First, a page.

How to Spot Deepfake Videos 2022


If you enjoy surfing social media, you've probably heard about deepfake videos. These videos are created using artificial intelligence and can make it look like someone did or said something they didn't. Creators of deepfake videos will either superimpose a person's face over someone else's or sync fake audio with a real video. While the thought of being fooled by a deepfake might be scary, you can spot them if you pay close attention to what you're watching.


Method 1 of 3:Examining the Image

1Look for blurring on the person's face that's not in the rest of the video. When someone's face is superimposed over someone else's, their face rarely fits perfectly. That means the video's creator will need to blur certain areas to hide the fact that the video is fake. Look closely at the person's face to see if you notice any blurring. Then, compare the face to the person's body, the background, and objects in the video to see if the face appears blurry in comparison.

Their skin tone may also look different at the edges of their face.

Tip: Their face may get especially blurry when they move something in front of it, like their hand or a coffee mug.

2Check for double edges around the eyes, mouth, and face. Look at the eyes, eyebrows, lips, and face outline to see if you can see 2 edges. This happens when a person's face is superimposed over a face that has a noticeably different face shape. When you see these irregularities, it's likely you're looking at a deepfake.

For instance, you might notice a weird outline around the person's eyes or mouth. Similarly, you might notice that their eyebrows are 2 different colors.

Tip: You may also notice that hair and teeth are missing. When they smile, check to see if the teeth look real or not.

3Consider if the person in the video rarely blinks. People typically blink every 2-10 seconds, and each blink takes 1/10 to 4/10 of a second. However, deepfake programs aren't able to accurately depict blinking, so you'll notice less blinking. Watch the person's eyes to see if they blink normally.

Count between blinks to help you determine if it's normal.

4Notice if the person's eyes look weird when they blink or close. Deepfake programs use existing photos of a person to create a simulation of them. However, most people aren't photographed with their eyes closed, so it's hard for the program to simulate closed eyes. Pay careful attention to the person's eyes to see if they look odd while they're closed.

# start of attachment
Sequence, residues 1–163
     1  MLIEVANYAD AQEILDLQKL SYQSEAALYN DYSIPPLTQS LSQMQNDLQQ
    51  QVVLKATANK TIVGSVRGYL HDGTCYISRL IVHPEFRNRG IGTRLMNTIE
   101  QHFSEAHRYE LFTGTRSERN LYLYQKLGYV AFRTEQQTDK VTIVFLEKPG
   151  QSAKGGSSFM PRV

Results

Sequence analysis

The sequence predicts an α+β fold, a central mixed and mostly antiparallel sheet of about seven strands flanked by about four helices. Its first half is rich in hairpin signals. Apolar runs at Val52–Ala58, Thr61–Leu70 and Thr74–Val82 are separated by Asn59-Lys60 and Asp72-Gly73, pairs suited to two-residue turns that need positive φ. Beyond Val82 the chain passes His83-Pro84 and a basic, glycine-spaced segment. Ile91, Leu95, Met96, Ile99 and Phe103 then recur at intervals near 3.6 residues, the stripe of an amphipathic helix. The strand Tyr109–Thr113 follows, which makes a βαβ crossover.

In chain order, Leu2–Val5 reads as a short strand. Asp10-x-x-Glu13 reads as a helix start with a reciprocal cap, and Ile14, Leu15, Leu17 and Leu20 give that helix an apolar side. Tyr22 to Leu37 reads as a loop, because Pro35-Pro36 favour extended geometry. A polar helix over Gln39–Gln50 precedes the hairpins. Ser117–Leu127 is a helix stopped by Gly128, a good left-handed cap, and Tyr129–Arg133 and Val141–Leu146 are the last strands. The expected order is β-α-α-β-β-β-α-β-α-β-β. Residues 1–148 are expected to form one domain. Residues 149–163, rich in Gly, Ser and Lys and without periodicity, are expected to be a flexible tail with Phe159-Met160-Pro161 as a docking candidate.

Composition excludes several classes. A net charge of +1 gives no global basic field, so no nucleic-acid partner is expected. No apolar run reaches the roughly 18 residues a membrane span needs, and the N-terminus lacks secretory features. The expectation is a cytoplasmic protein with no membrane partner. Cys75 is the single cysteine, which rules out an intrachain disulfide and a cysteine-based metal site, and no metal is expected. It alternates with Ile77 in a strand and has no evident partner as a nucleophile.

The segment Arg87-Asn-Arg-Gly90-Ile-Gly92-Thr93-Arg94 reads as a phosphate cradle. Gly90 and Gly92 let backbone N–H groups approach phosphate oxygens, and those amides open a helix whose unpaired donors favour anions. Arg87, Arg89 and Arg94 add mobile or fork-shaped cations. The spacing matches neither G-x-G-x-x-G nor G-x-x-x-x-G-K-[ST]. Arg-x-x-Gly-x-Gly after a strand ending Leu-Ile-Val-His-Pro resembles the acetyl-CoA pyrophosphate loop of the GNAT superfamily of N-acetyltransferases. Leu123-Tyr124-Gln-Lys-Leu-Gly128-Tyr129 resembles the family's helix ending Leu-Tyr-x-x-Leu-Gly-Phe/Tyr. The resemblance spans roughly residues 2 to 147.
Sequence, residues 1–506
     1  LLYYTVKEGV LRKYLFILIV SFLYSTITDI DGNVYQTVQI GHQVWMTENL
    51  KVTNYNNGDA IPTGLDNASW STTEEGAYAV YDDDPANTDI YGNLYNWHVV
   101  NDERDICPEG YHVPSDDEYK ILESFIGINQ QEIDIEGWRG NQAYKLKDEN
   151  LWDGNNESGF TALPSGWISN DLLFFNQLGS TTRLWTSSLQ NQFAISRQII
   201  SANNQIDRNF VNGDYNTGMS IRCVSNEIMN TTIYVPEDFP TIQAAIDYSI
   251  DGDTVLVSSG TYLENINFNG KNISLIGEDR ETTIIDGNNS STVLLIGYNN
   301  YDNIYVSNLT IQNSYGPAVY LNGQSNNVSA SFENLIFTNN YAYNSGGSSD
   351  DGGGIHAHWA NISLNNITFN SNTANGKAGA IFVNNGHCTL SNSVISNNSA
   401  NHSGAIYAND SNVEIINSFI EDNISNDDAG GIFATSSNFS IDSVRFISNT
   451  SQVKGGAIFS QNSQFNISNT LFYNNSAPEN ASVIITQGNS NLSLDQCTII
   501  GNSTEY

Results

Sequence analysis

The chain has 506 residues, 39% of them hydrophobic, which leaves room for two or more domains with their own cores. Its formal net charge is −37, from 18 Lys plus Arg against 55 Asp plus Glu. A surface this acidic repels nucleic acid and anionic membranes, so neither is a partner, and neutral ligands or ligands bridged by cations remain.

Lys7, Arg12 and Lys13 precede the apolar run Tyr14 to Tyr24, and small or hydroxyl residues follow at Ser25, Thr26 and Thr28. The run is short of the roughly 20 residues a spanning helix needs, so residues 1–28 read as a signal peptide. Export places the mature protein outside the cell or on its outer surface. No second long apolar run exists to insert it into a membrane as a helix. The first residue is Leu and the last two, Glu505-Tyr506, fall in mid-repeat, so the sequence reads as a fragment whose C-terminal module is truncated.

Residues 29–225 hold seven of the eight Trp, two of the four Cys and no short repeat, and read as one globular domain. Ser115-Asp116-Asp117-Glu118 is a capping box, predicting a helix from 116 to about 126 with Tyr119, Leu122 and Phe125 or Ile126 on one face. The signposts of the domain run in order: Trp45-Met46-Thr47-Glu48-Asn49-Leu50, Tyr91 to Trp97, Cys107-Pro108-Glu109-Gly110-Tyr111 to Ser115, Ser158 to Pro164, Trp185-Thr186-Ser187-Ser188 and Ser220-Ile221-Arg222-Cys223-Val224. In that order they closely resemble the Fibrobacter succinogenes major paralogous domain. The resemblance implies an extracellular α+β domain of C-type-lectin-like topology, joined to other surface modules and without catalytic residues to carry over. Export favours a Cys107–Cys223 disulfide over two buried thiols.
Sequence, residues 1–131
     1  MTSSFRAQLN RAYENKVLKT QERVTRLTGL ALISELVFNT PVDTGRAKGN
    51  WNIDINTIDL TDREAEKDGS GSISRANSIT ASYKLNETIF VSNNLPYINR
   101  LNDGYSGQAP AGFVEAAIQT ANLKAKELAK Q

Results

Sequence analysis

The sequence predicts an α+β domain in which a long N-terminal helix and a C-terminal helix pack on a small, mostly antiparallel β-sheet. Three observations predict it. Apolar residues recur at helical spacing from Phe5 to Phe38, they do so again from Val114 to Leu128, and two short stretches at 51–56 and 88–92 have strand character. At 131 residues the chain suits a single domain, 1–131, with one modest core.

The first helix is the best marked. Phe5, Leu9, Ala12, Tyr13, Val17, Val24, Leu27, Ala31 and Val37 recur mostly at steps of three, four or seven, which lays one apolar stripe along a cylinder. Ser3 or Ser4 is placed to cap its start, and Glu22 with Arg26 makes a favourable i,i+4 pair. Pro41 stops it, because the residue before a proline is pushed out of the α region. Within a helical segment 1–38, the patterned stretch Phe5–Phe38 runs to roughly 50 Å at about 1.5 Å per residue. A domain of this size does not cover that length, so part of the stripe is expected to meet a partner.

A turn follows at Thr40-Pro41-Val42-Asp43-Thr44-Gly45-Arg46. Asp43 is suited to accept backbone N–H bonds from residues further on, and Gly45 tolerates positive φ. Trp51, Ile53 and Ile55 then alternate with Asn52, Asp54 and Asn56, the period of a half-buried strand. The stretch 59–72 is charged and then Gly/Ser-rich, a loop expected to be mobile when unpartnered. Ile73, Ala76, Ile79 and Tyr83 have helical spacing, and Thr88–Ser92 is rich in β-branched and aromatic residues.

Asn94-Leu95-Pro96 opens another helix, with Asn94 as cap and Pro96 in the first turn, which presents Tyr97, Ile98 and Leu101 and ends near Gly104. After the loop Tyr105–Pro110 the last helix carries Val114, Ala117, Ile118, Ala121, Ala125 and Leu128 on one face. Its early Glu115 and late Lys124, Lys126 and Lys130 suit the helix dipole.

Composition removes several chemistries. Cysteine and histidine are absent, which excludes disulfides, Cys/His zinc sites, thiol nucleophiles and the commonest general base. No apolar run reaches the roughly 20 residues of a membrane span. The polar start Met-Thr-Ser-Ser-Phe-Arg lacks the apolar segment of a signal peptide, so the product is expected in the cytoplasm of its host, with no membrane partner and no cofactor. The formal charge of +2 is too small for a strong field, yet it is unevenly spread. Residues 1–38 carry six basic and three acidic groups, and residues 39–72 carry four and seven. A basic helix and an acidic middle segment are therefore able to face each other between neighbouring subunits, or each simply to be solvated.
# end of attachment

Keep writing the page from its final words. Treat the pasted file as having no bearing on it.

The eyes may look blurry, discolored, or computerized if the video is a deepfake.

5Look for shadows and reflections that don't match up. Some deepfake videos are made by combining 2 videos. Fortunately, you may be able to spot these fakes by checking the placement of shadows and reflections. Typically, every shadow should go in the same direction, including shadows from people, buildings, and large items. Similarly, reflective surfaces like mirrors, windows, and water surfaces will show consistent reflections.

This works great for videos that don't focus on a speaker's face. For instance, if you're looking at a crowd on the street, check to see that the shadows from the buildings and members of the crowd go in the same direction.

Similarly, let's say you're looking at a video of a protest that allegedly got out of control. If you noticed that the storefront windows in the video showed the reflections of just 2 people while the video had a crowd of people, it may be a deepfake.

6Make sure everything in the video looks like it's to scale. Since these videos are altered, the people, objects, and background may not match up. Look for inconsistencies, like buildings that are too big, body parts that look misshapen, and objects that look larger than usual. These can be a sign the video is a fake.

As an example, you might notice that the people in a protest seem really tall compared to the buildings around them.

Similarly, you may notice that a person's head looks way too big for their body.

Method 2 of 3:Checking the Audio

1Read the person's lips to see if it matches the audio. Focus on the person's lips as they speak and watch to see if their lips are forming the words they're saying. Additionally, notice if the lips appear to simply move up and down without actually forming words. This might be a sign that the video is a fake.

For example, say the word “oh” and notice how your lips make an “o” shape. Then, say the word “hi” and notice that your mouth opens more and doesn't make an “o.” The person who's speaking in the video should be making the same shapes with their mouth.